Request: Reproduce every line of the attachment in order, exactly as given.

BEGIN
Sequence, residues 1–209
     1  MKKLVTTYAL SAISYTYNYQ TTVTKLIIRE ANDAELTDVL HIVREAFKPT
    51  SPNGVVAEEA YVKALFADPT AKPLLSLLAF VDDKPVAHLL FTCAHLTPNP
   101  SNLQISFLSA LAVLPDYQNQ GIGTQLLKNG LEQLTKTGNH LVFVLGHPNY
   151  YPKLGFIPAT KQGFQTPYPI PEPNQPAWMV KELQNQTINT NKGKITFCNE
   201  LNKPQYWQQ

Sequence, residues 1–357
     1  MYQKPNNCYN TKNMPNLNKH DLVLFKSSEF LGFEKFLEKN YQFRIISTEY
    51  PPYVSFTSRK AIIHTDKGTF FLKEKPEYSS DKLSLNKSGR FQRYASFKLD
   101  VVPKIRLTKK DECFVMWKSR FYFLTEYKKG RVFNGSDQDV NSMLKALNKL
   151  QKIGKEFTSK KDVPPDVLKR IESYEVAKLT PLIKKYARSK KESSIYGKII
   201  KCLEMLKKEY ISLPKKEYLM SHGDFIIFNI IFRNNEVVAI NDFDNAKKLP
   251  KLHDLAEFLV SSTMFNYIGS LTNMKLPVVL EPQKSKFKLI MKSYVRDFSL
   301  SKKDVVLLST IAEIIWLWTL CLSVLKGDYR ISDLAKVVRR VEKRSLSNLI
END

Sequence, residues 1–209
     1  MKKLVTTYAL SAISYTYNYQ TTVTKLIIRE ANDAELTDVL HIVREAFKPT
    51  SPNGVVAEEA YVKALFADPT AKPLLSLLAF VDDKPVAHLL FTCAHLTPNP
   101  SNLQISFLSA LAVLPDYQNQ GIGTQLLKNG LEQLTKTGNH LVFVLGHPNY
   151  YPKLGFIPAT KQGFQTPYPI PEPNQPAWMV KELQNQTINT NKGKITFCNE
   201  LNKPQYWQQ

Sequence, residues 1–357
     1  MYQKPNNCYN TKNMPNLNKH DLVLFKSSEF LGFEKFLEKN YQFRIISTEY
    51  PPYVSFTSRK AIIHTDKGTF FLKEKPEYSS DKLSLNKSGR FQRYASFKLD
   101  VVPKIRLTKK DECFVMWKSR FYFLTEYKKG RVFNGSDQDV NSMLKALNKL
   151  QKIGKEFTSK KDVPPDVLKR IESYEVAKLT PLIKKYARSK KESSIYGKII
   201  KCLEMLKKEY ISLPKKEYLM SHGDFIIFNI IFRNNEVVAI NDFDNAKKLP
   251  KLHDLAEFLV SSTMFNYIGS LTNMKLPVVL EPQKSKFKLI MKSYVRDFSL
   301  SKKDVVLLST IAEIIWLWTL CLSVLKGDYR ISDLAKVVRR VEKRSLSNLI